The debate continues, exacerbated by these interactions' tangled architecture. Today most scientists agree that trophic cascades occur. According to marine ecologist James Estes, the argument now focuses more on where and why they occur. For example, Yellowstone researchers William Ripple, Robert Beschta, and others suggest that since the reintroduction of wolves in the park in the mid-1990s, cascading effects have included a reduction in the elk population, changes in herbivory patterns, a reduction of mesopredators (e.g., coyotes, Canis latrans), and recovery of woody browse species. Wolves recolonized Banff National Park on their own. Here Mark Hebblewhite and colleagues found the above associations and an increase in biodiversity, which included songbirds and beavers (Castor canadensis) However, in the similarly recolonized upper Midwest these effects are not widely evident, other than the trophic cascades observed in Isle Royale National Park by Brian McLaren and Rolf Peterson, possibly due to extensive human modification of this ecoregion. These examples illustrate that because ecosystems are highly dynamic and complex, generalizations about trophic cascades are difficult, making their application to specific management issues more challenging.

Ecologist Mary Power is well known for her studies of freshwater trophic cascades. In her 1992 landmark synthesis of top-down and bottom-up forces in food webs she argued that while top-down effects often prevail, one must consider bottom-level (plant) productivity and its potential for dynamic feedback effects on adjacent and nonadjacent (herbivores and predators) trophic levels. Power found that both top-down and bottom- up forces prevail in different settings and urged researchers to consider how increasing plant productivity in all types of systems might affect predator-prey interactions. She noted that disturbances often make ecosystems more productive and thus can further alter these relationships.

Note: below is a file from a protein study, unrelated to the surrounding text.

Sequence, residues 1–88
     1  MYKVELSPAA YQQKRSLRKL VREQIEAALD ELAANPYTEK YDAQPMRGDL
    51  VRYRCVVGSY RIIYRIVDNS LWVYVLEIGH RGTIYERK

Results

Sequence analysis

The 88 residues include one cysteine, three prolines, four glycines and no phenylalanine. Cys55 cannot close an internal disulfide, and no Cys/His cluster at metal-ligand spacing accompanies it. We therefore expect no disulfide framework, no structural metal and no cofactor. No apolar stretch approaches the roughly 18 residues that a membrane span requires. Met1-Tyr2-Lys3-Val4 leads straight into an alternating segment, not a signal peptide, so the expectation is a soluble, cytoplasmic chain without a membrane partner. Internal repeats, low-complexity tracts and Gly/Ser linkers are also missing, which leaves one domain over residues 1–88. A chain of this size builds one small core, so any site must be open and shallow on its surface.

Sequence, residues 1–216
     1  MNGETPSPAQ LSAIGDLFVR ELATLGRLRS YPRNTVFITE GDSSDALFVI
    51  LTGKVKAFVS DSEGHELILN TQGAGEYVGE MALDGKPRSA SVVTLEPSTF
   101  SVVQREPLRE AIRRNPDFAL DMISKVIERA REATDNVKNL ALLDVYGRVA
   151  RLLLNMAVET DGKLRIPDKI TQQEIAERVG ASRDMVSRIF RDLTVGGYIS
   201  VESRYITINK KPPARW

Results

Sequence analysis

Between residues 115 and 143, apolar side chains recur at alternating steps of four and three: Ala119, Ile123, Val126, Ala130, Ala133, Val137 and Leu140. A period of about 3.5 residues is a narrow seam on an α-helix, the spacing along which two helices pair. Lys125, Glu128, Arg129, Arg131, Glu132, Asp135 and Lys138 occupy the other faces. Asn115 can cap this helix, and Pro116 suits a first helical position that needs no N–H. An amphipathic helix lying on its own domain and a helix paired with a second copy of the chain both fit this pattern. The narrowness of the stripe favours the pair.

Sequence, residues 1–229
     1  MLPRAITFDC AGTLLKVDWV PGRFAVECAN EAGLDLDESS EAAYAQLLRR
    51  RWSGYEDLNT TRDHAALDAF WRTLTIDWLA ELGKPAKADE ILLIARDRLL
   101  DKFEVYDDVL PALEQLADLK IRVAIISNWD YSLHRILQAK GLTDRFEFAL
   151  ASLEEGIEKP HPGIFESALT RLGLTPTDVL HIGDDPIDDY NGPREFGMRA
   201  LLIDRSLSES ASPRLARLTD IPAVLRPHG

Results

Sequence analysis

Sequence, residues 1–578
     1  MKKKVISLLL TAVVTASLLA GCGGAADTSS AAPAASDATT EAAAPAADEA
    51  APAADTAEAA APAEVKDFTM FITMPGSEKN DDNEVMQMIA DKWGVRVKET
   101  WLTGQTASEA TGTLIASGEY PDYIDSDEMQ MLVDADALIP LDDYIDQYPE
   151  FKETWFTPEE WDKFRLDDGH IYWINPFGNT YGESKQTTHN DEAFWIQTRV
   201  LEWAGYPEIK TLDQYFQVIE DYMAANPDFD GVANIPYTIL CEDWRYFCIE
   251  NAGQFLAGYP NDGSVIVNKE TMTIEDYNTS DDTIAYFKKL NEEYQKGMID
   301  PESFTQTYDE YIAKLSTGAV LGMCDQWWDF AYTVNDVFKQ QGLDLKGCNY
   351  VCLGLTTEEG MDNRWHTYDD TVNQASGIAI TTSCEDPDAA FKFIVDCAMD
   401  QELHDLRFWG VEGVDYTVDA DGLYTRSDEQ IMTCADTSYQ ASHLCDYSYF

Since the 1990s ecologist Oswald Schmitz has been investigating trophic cascades involving grasshoppers and spiders. One of his objectives has been to determine whether top-down or bottom-up forces dominate. By manipulating predator presence and other variables, he found both forces present, with the former the strongest. He discovered that regardless of the strength of trophic cascades, they have important effects on plant community composition, with deep implications for biodiversity and ecosystem function.